Reading more... they need 25,000 signatures for the petition to be looked at by the government. The population of Texas is 25 and half million. So less than 0.1% of the population can try and push for a decision on separating from the nation? That seems... wrong.

kluang 11-12-2012 10:03 AM

Re: Citizens from 15 states have filed petitions to secede from the United States
 
https://petitions.whitehouse.gov/pet...nment/BmdWCP8B

Numinous 11-12-2012 10:26 AM

Re: Citizens from 15 states have filed petitions to secede from the United States
 
Quote:

That's actually a really bad idea kluang. If you look at it economically, and which states contribute to the GDP through manufacturing means and not through the financial sector (investing and big banks), you would want to keep the rest of the states and get rid of New York and Florida.

Louisiana, Mississippi, Texas, Georiga, Alabama, and Kentucky have the largest non-union workforces in the manufacturing sector (95% of all of your foreign car manufacturers are located in these states as well as their suppliers)
Hold your horses there, j_h, it's not because they have a good labor power than it'll suddenly make those states more desirable for the US than the others. Let's take this case by case.

Alabama:
  • Public debt of 60.4 billions
  • Tax net revenue of -23.7 billions
  • GDP of 174.4 billions
Colorado:
  • Public debt of 80.4 billions
  • Tax net revenue of +10.5 billions
  • GDP of 259.7 billions
Florida:
  • Public debt of 139.1 billions
  • Tax net revenue of -10.6 billions
  • GDP of 754.0 billions
Georgia:
  • Public debt of 97.5 billions
  • Tax net revenue of +4.1 billions
  • GDP of 403.1 billions
Indiana:
  • Public debt of 38.7 billions
  • Tax net revenue of -4.6 billions
  • GDP of 267.6 billions
Kentucky:
  • Public debt of 63.2 billions
  • Tax net revenue of -12.8 billions
  • GDP of 161.4 billions
Louisiana:
  • Public debt of 63.0 billions
  • Tax net revenue of -0.9 billions
  • GDP of 213.6 billions
Mississippi:
  • Public debt of 38.2 billions
  • Tax net revenue of -19.8 billions
  • GDP of 98.9 billions
Montana:
  • Public debt of 9.5 billions
  • Tax net revenue of -4.0 billions
  • GDP of 37.2 billions
New Jersey:
  • Public debt of 281.5 billions
  • Tax net revenue of +57.8 billions
  • GDP of 497.0 billions
New York:
  • Public debt of 305.3 billions
  • Tax net revenue of +86.8 billions
  • GDP of 1156.5 billions
North Carolina:
  • Public debt of 97.4 billions
  • Tax net revenue of +10.0 billions
  • GDP of 407.4 billions
North Dakota:
  • Public debt of 6.3 billions
  • Tax net revenue of -3.1 billions
  • GDP of 33.4 billions
Oregon:
  • Public debt of 58.0 billions
  • Tax net revenue of -1.8 billions
  • GDP of 168.9 billions
Texas:
  • Public debt of 282.6 billions
  • Tax net revenue of 53.4 billions
  • GDP of 1307.4 billions
If the US needed to get rid of states to balance finances, Alabama, Kentucky and Mississippi would be on the top of the list, while New York, North Carolina and Texas would be on the bottom.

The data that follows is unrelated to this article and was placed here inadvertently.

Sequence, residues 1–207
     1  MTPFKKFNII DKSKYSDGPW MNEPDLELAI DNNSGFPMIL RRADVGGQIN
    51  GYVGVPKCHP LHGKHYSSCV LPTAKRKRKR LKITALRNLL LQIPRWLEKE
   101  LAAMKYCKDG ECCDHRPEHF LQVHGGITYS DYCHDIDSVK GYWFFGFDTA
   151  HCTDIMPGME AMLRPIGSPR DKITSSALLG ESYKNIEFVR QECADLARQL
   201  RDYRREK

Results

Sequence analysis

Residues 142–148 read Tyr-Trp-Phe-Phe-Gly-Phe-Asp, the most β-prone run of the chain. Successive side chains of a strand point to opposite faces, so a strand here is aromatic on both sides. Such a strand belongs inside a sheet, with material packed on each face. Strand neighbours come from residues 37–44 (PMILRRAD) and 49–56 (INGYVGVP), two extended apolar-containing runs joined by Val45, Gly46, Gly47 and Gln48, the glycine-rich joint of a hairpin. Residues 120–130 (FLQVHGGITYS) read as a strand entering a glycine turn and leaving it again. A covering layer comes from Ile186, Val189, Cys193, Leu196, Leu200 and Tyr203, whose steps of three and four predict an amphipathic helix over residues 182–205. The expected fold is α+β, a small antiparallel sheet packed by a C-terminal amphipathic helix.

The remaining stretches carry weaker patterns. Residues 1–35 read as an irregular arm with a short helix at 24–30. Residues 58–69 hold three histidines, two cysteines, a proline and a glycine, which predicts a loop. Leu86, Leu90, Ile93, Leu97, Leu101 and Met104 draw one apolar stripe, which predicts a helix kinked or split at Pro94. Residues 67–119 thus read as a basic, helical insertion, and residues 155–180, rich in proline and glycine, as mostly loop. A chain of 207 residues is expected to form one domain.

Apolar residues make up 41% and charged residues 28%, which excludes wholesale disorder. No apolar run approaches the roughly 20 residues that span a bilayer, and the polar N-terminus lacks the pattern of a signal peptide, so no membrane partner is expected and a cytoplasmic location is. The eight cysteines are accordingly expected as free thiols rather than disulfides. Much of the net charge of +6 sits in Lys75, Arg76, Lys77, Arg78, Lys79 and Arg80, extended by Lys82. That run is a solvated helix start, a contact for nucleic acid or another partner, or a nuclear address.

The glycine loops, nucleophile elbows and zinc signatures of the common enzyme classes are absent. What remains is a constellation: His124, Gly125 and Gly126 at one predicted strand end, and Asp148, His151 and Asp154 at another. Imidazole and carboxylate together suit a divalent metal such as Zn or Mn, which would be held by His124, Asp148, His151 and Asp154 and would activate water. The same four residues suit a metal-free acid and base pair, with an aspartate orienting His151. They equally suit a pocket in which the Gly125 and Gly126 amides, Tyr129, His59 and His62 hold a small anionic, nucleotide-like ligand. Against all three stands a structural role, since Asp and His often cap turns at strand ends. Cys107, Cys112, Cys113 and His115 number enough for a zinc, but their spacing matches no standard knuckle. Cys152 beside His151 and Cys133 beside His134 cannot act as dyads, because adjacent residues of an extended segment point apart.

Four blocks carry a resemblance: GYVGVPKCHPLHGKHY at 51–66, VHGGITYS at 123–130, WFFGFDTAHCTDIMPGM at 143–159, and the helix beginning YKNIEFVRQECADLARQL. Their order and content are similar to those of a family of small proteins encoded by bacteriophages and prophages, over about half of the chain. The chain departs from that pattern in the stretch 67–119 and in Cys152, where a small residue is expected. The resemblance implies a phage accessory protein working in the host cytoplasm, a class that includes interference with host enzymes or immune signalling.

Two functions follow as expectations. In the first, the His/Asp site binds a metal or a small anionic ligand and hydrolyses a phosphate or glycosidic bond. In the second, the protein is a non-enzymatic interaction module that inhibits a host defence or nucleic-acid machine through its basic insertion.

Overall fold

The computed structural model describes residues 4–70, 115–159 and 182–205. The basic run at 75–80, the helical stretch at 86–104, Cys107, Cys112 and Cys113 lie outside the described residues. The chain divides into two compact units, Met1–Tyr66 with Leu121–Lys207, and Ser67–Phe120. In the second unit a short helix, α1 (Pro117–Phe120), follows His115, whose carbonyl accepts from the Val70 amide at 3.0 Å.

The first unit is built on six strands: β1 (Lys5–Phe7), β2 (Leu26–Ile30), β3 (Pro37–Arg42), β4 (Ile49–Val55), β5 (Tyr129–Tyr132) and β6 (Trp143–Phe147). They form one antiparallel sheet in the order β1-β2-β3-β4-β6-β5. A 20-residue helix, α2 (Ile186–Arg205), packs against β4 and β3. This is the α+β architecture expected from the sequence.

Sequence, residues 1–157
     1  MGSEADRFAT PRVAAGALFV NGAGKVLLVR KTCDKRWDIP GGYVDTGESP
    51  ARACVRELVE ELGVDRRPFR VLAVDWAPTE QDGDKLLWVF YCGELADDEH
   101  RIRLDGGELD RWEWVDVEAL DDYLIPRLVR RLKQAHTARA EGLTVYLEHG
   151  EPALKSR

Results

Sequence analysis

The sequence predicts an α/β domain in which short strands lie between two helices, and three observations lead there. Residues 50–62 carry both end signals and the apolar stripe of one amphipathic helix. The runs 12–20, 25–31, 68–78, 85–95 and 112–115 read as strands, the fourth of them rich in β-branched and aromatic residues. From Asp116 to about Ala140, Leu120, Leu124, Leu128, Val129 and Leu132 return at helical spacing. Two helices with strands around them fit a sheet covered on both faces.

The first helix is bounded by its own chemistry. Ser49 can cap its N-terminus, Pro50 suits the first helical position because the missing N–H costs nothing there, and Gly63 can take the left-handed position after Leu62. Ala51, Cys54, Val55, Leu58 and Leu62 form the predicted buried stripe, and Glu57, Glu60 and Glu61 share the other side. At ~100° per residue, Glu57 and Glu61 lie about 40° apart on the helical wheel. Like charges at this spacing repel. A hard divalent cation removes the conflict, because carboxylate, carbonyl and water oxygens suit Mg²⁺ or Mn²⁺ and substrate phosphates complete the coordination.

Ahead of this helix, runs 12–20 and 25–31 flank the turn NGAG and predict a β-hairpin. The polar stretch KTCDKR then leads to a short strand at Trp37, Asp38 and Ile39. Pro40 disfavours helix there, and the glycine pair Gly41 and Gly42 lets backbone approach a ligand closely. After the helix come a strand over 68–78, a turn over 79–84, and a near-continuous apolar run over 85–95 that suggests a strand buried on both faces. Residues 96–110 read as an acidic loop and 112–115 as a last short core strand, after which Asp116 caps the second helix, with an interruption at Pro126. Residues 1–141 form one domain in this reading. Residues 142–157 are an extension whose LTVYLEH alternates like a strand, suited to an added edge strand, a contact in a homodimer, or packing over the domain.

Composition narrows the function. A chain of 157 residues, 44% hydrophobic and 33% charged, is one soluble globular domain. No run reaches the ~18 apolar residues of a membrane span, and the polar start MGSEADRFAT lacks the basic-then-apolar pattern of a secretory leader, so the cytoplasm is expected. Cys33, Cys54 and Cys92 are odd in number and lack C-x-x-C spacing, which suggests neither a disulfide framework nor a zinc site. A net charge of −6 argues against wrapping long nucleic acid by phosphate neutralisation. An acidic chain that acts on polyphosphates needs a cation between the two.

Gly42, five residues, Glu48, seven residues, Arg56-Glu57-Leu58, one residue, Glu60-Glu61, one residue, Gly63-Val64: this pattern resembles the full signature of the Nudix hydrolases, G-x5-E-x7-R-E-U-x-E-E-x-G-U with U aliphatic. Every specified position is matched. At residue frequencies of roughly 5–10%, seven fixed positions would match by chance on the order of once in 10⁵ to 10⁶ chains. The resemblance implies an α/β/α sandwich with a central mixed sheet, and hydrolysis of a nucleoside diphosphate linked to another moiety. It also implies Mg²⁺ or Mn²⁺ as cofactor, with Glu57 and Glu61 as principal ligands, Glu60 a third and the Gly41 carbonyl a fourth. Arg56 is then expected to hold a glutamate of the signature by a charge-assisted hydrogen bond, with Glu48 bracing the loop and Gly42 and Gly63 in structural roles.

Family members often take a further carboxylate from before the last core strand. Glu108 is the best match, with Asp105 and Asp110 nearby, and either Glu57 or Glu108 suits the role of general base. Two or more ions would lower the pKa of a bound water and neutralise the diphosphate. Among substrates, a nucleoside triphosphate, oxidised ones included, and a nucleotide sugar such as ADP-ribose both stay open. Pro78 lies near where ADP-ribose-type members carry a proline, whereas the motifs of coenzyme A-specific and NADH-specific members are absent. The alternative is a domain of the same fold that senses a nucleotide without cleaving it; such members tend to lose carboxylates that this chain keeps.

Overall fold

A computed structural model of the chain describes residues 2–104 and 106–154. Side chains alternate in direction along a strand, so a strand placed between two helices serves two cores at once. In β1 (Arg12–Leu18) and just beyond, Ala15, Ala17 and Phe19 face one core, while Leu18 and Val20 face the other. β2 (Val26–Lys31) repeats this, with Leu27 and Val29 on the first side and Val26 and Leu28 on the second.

Quote:

What doesn't surprise me is that this happens after every election. I remember during 2004 after the Bush/Kerry election, there were petitions going through the colleges in MS to have the state secede by the local Democrat student groups. Don't know to which states this notion expanded to, but it's not surprising.

Considering secession petitions are barking since the Civil War, I'm not surprised either.

jekyl_hyde 11-12-2012 11:00 AM

Re: Citizens from 15 states have filed petitions to secede from the United States
 
Quote:

Originally Posted by Numinous (Post 2130396)
Hold your horses there, j_h, it's not because they have a good labor power than it'll suddenly make those states more desirable for the US than the others.

I understand what you're saying about the different states and their related debts and the contributions they make to the GDP. Take this into acct. Two of the three states you mentioned are the hardest hit states during the hurricane seasons, which over 75% of that debt comes from. Also, the majority of each state's contribution to the national GDP is not based on the financial sector nor real estate. It comes from industry, which is what put the U.S.A. as the number 1 economy way back when, and is the leading reason why China is about to overtake the U.S.A., if they haven't already.

Without going into a diatribe about the fallacies of the great country that I live in and am proud to be a citizen in, our leaders (not just the political ones) have decided to place the vast majority of their eggs into the information and intelligence proprieties. There is still a small sector of industry, hugely comprised of the auto, air, and defense sectors. Meanwhile, China has industry as being a huge factor of it's GDP, while India has a high information and intellgence sector, but also has an outlandish (customer) service sector. I also know that India has a growing industry sector, but to my knowledge, it is nowhere near the level of China or the U.S.

@ACt
Also, something is not adding up about that list. I just scrolled up and down and noticed that all of the states listed were on the same petition. The majority of the names that I actually read (not glanced at) where from TX, but I did notice that a few were from Alabama and Louisiana that I actually read.

This looks like a load of "crock" to put it nicely.

Numinous 11-12-2012 01:05 PM

Re: Citizens from 15 states have filed petitions to secede from the United States